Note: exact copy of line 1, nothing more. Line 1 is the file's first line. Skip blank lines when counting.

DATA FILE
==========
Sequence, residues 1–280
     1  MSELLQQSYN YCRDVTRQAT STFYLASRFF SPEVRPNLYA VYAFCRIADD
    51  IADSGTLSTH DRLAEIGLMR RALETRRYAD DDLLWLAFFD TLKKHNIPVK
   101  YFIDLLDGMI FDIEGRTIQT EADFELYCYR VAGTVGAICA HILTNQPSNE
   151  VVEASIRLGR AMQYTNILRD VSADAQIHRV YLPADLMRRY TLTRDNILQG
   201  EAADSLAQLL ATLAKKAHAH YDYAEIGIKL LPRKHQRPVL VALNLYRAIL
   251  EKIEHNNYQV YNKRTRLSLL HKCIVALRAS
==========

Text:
Sequence, residues 1–280